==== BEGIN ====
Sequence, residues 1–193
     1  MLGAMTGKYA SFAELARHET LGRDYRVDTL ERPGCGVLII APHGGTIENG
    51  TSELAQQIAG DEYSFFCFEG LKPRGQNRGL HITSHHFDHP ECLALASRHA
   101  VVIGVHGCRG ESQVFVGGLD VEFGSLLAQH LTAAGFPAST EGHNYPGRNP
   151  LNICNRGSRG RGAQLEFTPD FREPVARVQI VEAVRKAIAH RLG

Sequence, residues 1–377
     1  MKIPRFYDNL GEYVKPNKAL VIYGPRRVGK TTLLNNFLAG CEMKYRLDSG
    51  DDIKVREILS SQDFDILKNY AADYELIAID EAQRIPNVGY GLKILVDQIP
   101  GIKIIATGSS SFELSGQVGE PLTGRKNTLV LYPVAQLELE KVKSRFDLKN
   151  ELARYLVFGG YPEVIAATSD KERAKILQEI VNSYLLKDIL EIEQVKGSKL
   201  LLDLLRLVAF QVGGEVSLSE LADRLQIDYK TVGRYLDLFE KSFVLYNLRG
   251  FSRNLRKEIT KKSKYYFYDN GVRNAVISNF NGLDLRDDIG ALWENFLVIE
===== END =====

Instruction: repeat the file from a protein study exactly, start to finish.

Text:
Sequence, residues 1–193
     1  MLGAMTGKYA SFAELARHET LGRDYRVDTL ERPGCGVLII APHGGTIENG
    51  TSELAQQIAG DEYSFFCFEG LKPRGQNRGL HITSHHFDHP ECLALASRHA
   101  VVIGVHGCRG ESQVFVGGLD VEFGSLLAQH LTAAGFPAST EGHNYPGRNP
   151  LNICNRGSRG RGAQLEFTPD FREPVARVQI VEAVRKAIAH RLG

Sequence, residues 1–377
     1  MKIPRFYDNL GEYVKPNKAL VIYGPRRVGK TTLLNNFLAG CEMKYRLDSG
    51  DDIKVREILS SQDFDILKNY AADYELIAID EAQRIPNVGY GLKILVDQIP
   101  GIKIIATGSS SFELSGQVGE PLTGRKNTLV LYPVAQLELE KVKSRFDLKN
   151  ELARYLVFGG YPEVIAATSD KERAKILQEI VNSYLLKDIL EIEQVKGSKL
   201  LLDLLRLVAF QVGGEVSLSE LADRLQIDYK TVGRYLDLFE KSFVLYNLRG
   251  FSRNLRKEIT KKSKYYFYDN GVRNAVISNF NGLDLRDDIG ALWENFLVIE